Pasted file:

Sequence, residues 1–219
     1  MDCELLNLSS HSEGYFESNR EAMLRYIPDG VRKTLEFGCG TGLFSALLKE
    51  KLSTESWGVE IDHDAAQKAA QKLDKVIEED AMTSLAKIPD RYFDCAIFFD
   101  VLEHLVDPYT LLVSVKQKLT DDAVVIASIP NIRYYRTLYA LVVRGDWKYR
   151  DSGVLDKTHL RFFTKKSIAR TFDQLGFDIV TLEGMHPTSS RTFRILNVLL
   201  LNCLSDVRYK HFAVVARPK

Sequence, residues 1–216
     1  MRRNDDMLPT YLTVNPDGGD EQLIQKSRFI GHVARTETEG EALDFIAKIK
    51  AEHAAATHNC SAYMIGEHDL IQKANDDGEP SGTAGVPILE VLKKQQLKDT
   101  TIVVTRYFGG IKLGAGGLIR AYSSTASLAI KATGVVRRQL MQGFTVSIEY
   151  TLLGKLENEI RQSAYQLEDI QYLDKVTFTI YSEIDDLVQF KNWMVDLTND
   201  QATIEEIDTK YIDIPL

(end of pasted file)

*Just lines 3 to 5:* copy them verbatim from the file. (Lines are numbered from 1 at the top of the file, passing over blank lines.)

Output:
    51  KLSTESWGVE IDHDAAQKAA QKLDKVIEED AMTSLAKIPD RYFDCAIFFD
   101  VLEHLVDPYT LLVSVKQKLT DDAVVIASIP NIRYYRTLYA LVVRGDWKYR
   151  DSGVLDKTHL RFFTKKSIAR TFDQLGFDIV TLEGMHPTSS RTFRILNVLL